COMMENTARIES ON CHANGING English often lift up new words for inspection with the cautious help of inverted commas. Today’s ‘kids’ do so enjoy their ‘pop’ records – it dates quickly and looks like an elderly dowager removing something unpleasant from the lawn with a pair of sugar tongs.
Lyndsay John’s recent London Evening Standard piece The secret world of gang slang stands out as better than most.
A broad and ambitious account of the development of our language is now being presented by the British Library at their Evolving English exhibition. It’s free to visit, runs until April the 3rd next year, and shows the British Library combining several of their strong cards to good effect.
The exhibition starts in a respectfully-lit annexe with a chronological account of Old and Middle English. Several of the Library’s most distinguished items are on display, including the Anglo-Saxon Chronicle, its vellum pages bearing shield-walls of strange letters. There’s also a 12th-century dictionary for Anglo-Norman children which gives the English words for animal sounds. Anglo-Norman cows mugist, but English cows louuet and English dogs berket.
Next to the dictionary is the manuscript for Sumer is icumen in, the oldest-surviving example of an English round or counterpoint song. Animal sounds are again part-and-parcel, and you can hear it sung in this YouTube video by the Hilliard Ensemble.
Like English, the exhibition then spreads out onto a larger stage beyond its medieval incubator. Touchscreen displays, archival sounds, books, posters and multimedia projections are all brought into play in the main room. It feels like entering a nightclub for MENSA members.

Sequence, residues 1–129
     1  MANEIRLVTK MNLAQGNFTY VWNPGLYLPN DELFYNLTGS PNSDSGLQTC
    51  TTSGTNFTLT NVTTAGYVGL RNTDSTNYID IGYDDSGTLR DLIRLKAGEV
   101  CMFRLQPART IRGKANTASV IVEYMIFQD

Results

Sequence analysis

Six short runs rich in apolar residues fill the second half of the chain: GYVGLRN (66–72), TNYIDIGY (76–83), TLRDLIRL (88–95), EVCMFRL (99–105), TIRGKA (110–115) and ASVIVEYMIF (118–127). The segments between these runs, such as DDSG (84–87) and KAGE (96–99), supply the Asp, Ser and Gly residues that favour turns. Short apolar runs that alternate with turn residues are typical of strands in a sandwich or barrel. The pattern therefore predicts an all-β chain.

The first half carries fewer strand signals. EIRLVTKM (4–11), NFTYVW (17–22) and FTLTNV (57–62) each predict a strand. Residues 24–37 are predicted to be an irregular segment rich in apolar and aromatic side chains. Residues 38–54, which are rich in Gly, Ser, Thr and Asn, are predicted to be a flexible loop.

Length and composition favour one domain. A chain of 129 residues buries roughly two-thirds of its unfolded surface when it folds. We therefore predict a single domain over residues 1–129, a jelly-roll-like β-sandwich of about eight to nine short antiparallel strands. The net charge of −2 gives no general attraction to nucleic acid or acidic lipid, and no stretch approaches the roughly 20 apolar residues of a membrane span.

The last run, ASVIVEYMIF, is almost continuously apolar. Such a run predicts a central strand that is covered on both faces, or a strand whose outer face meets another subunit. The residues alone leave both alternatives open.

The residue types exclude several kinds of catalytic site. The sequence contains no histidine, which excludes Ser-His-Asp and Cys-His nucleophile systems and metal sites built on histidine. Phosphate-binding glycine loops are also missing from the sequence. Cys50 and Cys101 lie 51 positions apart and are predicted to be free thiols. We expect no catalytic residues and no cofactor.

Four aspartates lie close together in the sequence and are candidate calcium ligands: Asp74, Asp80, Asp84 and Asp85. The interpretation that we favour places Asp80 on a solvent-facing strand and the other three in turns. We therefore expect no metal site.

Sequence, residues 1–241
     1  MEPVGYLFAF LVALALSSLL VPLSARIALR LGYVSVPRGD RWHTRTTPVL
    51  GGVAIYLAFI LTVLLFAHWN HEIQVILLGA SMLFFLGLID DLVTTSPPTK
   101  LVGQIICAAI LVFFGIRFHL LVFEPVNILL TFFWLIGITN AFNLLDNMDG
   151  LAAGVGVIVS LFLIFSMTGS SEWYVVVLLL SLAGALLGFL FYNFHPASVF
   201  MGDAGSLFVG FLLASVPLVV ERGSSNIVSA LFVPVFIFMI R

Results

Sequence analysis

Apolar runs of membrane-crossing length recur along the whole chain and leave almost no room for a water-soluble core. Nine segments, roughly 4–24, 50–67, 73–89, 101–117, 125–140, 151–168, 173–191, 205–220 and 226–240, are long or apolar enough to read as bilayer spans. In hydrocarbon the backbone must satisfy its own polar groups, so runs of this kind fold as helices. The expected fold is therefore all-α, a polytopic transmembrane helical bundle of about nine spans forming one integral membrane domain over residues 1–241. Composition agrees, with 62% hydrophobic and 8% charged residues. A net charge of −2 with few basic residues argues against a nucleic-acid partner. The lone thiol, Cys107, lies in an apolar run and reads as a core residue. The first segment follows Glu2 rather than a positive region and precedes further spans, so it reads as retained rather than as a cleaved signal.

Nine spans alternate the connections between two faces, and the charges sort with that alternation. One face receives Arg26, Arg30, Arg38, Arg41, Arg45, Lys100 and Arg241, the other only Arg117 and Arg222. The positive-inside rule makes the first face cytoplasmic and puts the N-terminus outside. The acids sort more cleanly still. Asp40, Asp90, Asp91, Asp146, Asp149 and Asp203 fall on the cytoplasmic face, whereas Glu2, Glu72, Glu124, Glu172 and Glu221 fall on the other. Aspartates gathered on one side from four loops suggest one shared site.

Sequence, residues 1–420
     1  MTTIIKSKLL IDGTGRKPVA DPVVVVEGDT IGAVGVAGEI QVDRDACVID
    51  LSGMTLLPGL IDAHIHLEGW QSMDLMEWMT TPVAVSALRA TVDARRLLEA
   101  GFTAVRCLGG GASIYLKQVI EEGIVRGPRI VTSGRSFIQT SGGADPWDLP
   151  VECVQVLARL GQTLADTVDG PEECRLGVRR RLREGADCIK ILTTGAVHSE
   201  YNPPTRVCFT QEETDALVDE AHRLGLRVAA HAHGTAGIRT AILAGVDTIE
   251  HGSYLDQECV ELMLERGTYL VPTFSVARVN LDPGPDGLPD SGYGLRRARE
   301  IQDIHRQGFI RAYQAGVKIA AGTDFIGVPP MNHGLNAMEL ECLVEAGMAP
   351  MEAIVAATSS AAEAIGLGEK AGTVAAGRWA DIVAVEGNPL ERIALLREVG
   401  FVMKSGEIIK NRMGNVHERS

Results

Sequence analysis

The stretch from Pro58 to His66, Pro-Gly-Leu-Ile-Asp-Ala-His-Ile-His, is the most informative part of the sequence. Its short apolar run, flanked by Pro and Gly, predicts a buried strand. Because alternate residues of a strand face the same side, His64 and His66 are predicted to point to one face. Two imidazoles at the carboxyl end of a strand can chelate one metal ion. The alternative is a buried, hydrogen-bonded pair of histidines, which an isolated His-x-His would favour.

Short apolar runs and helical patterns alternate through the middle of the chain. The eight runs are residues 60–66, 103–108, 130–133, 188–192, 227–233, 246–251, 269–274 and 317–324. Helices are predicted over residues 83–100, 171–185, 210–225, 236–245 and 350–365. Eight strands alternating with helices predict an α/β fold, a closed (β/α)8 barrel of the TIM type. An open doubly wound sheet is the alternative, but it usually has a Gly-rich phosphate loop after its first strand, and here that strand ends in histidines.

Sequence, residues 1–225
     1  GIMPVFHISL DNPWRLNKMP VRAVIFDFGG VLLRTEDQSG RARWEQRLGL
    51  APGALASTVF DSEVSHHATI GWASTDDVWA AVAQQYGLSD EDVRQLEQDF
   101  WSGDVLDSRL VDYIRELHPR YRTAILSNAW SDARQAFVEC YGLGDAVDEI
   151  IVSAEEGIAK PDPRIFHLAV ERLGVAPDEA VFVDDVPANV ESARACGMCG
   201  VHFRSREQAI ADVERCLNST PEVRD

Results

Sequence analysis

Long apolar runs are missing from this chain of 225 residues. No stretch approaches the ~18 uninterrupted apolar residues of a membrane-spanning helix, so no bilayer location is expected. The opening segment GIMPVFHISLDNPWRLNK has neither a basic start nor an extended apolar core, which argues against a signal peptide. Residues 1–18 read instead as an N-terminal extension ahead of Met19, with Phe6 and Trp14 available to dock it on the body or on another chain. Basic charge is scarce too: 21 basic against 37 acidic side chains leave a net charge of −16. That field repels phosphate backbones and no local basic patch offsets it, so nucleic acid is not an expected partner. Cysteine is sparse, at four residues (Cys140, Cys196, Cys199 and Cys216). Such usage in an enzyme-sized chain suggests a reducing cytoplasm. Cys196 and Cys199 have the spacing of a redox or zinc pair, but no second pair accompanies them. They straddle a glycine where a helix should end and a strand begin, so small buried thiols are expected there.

The main theme here is the variety of forms of English, nationally and beyond. An accent and dialect map of Britain occupies a large vertical touchscreen. Smaller listening posts allow you to scroll through archival recordings of English from around the world in speeches and song. The example of Appalachian Mountains English is Doug Wallin singing the folk ballad Brother Green.
The calypso singer Lord Kitchener represents Caribbean English with Victory Test Match and Frank Zappa’s daughter appears on Valley Girl with the stock phrases of Californian mall-rats which now seem universal. The scholarly notes draw attention to her rising intonation as an example of I-hope-you-like-me uptalk.
Evolving English is a great way to spend a rainy afternoon, and be sure to put some money in the collecting box. Like much else, the British Library is having its funding cut in an attempt to offset speculative mistakes made in the City of London and elsewhere.comments powered by Disqus